Pregabalin add-on for drug-resistant partial epilepsy.Cochrane Database Syst Rev. 2008 Jan 23CD
Epilepsy is a common chronic neurological disease with an estimated prevalence of 1% in the United Kingdom. Approximately a third of these people continue to have seizures despite drug treatment. In order to try to improve outcomes a number of new antiepileptic drugs have been developed and pregabalin is one of these.
To summarize evidence from randomized, controlled trials regarding the efficacy and tolerability of pregabalin when used as an add-on antiepileptic drug in treatment-resistant partial epilepsy.
We searched the Cochrane Epilepsy Group Specialized Register (July 2007), The Cochrane Central Register of Controlled Trials (The Cochrane Library Issue 2, 2007), Medline (1966 to March 2007) and contacted Pfizer Inc (the manufacturers of pregabalin) to identify published, unpublished, and ongoing trials.
We included randomized controlled double-blind trials comparing pregabalin with placebo for people with drug-refractory partial epilepsy. Outcomes included 50% or greater reduction in seizure frequency, treatment withdrawal for any reason, treatment withdrawal for adverse events, and nature of adverse events.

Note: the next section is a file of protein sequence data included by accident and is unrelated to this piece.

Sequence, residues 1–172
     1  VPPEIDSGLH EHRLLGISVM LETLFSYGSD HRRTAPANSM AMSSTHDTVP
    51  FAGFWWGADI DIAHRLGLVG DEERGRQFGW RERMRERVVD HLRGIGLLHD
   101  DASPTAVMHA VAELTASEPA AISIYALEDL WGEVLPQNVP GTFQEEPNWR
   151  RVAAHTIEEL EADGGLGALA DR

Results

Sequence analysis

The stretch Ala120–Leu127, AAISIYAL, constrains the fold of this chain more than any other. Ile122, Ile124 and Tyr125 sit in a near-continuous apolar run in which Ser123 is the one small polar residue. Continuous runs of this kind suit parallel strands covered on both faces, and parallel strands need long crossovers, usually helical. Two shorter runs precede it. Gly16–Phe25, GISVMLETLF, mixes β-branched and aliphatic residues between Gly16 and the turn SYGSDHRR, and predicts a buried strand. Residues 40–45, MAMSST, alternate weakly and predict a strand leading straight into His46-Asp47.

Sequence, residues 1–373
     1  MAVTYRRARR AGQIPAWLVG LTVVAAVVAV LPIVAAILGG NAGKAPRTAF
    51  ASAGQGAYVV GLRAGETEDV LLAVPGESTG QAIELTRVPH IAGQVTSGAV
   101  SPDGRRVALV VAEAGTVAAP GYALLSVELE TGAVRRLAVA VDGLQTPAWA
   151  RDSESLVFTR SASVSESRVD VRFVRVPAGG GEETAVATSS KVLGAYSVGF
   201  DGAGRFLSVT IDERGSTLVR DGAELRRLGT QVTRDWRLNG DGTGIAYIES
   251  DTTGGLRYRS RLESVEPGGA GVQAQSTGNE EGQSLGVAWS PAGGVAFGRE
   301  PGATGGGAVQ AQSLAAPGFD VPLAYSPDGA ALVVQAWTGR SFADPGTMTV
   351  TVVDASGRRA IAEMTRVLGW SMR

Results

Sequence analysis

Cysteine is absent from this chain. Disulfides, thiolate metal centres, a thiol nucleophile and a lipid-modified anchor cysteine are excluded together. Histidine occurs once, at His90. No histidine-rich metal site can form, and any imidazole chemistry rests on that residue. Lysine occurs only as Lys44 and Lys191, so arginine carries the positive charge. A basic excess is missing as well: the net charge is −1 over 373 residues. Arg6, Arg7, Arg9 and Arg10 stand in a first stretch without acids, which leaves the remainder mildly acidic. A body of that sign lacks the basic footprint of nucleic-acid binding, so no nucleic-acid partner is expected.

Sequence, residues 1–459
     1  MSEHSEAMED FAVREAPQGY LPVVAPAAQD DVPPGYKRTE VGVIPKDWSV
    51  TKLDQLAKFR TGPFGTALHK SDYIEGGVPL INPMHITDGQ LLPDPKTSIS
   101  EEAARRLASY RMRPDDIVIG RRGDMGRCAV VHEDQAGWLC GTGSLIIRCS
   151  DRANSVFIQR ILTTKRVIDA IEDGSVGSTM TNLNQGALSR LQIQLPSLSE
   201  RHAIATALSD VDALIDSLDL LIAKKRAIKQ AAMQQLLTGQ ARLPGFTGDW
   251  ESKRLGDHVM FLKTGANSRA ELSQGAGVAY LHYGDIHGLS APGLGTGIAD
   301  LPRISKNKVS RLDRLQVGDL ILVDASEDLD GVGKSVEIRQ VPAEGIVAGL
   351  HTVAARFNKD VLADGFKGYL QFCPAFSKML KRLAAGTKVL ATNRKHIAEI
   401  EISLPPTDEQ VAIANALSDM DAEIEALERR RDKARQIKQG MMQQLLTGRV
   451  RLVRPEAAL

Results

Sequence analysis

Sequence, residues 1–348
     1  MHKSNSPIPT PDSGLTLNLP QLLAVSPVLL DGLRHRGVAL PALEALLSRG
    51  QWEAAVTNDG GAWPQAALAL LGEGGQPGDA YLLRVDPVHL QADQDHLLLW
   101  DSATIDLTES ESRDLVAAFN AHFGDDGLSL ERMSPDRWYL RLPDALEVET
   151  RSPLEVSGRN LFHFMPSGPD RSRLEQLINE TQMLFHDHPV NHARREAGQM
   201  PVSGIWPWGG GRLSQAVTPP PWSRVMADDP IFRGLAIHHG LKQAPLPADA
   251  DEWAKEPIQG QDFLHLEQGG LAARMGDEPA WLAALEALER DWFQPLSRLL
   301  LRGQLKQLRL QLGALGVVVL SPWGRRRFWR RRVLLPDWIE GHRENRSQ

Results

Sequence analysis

DATA COLLECTION AND ANALYSIS
Two review authors (DL and AGM) independently selected and assessed suitable trials and extracted data. Primary analyses were by intention-to-treat (ITT). Results are presented as relative risks (RR) with 95% confidence intervals (CI).
Four suitable trials (1397 participants) were identified and included in the analysis. Trials tested doses of pregabalin ranging from 50 mg to 600 mg per day. For the primary outcome, 50% or higher seizure reduction was significantly more likely in patients randomized to pregabalin than to placebo (RR 3.56, 95% CI 2.60 to 4.87). A dose response analysis suggested increasing effect with increasing dose. Pregabalin was not significantly associated with seizure freedom (RR 2.73, 95% CI 0.72 to 10.33). Patients were significantly more likely to have pregabalin withdrawn for any reason (RR 1.43, 95% CI 1.11 to 1.85) or for adverse effects (RR 2.47, 95% CI 1.80 to 4.17). Ataxia, dizziness, somnolence and weight gain were significantly associated with pregabalin.